Burning Brexit Issues for Bees
By Kent Barker
In a few weeks’ time millions of bees will emerge from hives across Sussex and southern England ready to pollinate our plants and provide us with honey. This year, though, they face an existential threat as
a result of – yes, you guessed it – Brexit.
Since 2013 neonicotinoid pesticides (neonics) have been subject to increasing bans in European Union countries because they kill bees. Even bees exposed to sub-lethal levels can have problems with flight and navigation and reduced taste sensitivity which impact foraging ability and productivity.
Bee on cosmos
PICTURE: Tim Clifton
Farmers oppose ban as further damning evidence emerges
The European restrictions were strenuously opposed by farmers – especially those growing cereals including oilseed rape and sugar beet. But a complete EU ban on the outdoor use of neonics was introduced in 2018 as new evidence of the serious dangers of the pesticide emerged from studies in Canada as well as in the UK, Germany and Hungary. However, within just a few days of Britain leaving the union, the UK government authorised the use of the neonicotinoid thiamethoxam for the treatment of sugar beet seed in 2021.
Sussex Wildlife Trust Planning Joint Legal Action
It has led to an extraordinary flurry of opposition. A broad coalition of environmental groups – including the RSPB, The Soil Association, The CPRE, WWF, Friends of the Earth and wildlife trusts up and down the country – have written to the Environment Secretary George Eustice in protest. The Sussex Wildlife Trust said they believe the action may have been unlawful and are planning a joint legal challenge to the government’s decision. Professor Dave Goulson of the University of Sussex said there have been a number of scientific publications linking neonicotinoids to declines of birds and other vertebrates as well as bees.
Bee on sedum
Picture: Mike Leale
Threat to Burn Baby Bees
Meanwhile the government has told British beekeepers they could be prosecuted if they try to import bees into the UK from Europe. Patrick Murfet of the Kent-based firm, Bee Equipment Ltd, has been a passionate keeper for nearly 20 years. He regularly imports bees from the warmer climes of Italy where he has a contract to breed them for the British market. However, this year he has been told that his 15 million ‘baby’ bees could be destroyed by burning if he attempts to import them from Italy. “DEFRA has banned all direct imports,” he told the Hastings Independent, “so I considered moving the bees within the EU to the Republic of Ireland and then under the Northern Ireland Protocol up to Belfast – which is the UK – and from there to Stranraer in Scotland. But a local DEFRA official said he believed that would be illegal and I could be fined, and the bees destroyed.”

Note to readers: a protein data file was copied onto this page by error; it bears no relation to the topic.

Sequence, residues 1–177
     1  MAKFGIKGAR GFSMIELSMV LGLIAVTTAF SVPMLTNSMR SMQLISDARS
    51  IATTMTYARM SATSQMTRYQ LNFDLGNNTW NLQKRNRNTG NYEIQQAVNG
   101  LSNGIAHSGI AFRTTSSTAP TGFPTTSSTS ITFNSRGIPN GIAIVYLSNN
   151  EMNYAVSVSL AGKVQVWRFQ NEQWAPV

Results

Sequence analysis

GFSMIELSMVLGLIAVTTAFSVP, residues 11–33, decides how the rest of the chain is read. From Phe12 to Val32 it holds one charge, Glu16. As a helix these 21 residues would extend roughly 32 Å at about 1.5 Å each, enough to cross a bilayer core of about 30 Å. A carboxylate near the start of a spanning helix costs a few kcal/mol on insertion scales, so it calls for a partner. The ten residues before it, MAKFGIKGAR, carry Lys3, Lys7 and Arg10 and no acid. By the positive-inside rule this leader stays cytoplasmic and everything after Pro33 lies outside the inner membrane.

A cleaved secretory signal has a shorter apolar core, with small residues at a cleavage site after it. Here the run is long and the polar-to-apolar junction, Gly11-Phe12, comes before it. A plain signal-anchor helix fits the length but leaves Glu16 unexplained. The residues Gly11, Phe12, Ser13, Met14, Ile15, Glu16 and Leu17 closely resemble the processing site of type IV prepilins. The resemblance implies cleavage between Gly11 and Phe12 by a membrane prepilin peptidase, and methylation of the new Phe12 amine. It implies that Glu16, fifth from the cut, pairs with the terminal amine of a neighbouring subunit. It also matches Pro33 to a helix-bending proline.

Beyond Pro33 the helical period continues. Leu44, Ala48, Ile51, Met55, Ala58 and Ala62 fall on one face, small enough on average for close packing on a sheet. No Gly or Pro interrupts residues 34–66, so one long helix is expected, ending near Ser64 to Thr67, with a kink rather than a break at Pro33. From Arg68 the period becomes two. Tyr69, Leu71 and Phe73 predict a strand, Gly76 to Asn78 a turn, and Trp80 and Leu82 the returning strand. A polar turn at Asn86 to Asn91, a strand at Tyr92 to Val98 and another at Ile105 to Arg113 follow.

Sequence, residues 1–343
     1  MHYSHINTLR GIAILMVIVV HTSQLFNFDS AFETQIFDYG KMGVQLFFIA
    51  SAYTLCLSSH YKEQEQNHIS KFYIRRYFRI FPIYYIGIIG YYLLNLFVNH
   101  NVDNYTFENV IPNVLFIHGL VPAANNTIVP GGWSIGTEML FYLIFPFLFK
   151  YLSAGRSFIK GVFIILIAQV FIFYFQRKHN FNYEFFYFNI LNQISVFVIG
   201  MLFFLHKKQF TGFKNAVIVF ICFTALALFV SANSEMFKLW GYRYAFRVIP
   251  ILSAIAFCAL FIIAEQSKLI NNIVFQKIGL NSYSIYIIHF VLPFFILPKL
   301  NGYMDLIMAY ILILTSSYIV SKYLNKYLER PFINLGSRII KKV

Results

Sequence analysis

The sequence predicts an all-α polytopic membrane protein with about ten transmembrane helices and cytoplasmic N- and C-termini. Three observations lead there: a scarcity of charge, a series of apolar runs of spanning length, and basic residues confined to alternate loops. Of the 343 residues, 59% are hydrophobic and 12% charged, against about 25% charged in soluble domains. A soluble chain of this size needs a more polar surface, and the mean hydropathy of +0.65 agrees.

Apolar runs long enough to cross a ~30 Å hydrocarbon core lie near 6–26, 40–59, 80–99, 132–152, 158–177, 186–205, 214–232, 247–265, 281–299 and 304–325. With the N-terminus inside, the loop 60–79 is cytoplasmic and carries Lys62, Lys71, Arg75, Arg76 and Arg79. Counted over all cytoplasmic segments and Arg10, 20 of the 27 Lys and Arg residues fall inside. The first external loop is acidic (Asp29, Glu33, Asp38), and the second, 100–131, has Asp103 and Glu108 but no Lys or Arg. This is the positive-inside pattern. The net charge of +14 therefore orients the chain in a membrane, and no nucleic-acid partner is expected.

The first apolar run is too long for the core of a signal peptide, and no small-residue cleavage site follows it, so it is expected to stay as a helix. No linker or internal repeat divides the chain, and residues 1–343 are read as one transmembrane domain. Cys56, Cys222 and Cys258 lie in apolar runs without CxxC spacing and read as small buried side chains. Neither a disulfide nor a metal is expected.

British Beekeepers Lose Two Million Euro Subsidy
Following national publicity for Mr Murfet’s predicament, questions have been tabled in Parliament. However, he says there are other fall-outs from Brexit with the UK losing a subsidy of around two million euros a year from Brussels specifically to support bee-keepers. And he is also worried about the reintroduction of neonicotinoids. “No one wants to see them used in the UK” he told HIP.
• Neonicotinoids or neonics are insecticides, chemically similar to nicotine, they act upon the nervous system.
• 1985: Imidacloprid patented as the first commercial neonicotinoid by Bayer.
• Early 2000s: Clothianidin and Thiamethoxam neonicotinoids enter the market.
• 2008: Germany revokes registration of Clothianidin for use on seed corn following the death of millions of honey bees.
• 2009: Neonicotinoid seed treatment banned in Italy after studies show bee deaths linked to treated seeds.
• 2013: European Food Safety Authority says neonicotinoids pose an unacceptably high risk to bees.
• April 2013: EU member states vote to restrict use of three neonicotinoids for two years.
• The UK votes against the bill saying scientific evidence doesn’t support it.
• 2018: The temporary ban becomes permanent in all EU States. The move is supported by the UK. France goes further and bans all types of neonicotinoid pesticides.
• 2018 – 2020: Various EU states grant emergency authorisations of neonicotinoid use on sugar beet.
• 2021: UK government allows use of a product containing the neonicotinoid thiamethoxam for the treatment of sugar beet seed in 2021.
• Broad coalition of environmental groups campaigns to have decision overturned.
• Petition to Parliament calling for decision to be reversed, attracts 48,000 signatures by mid-February.
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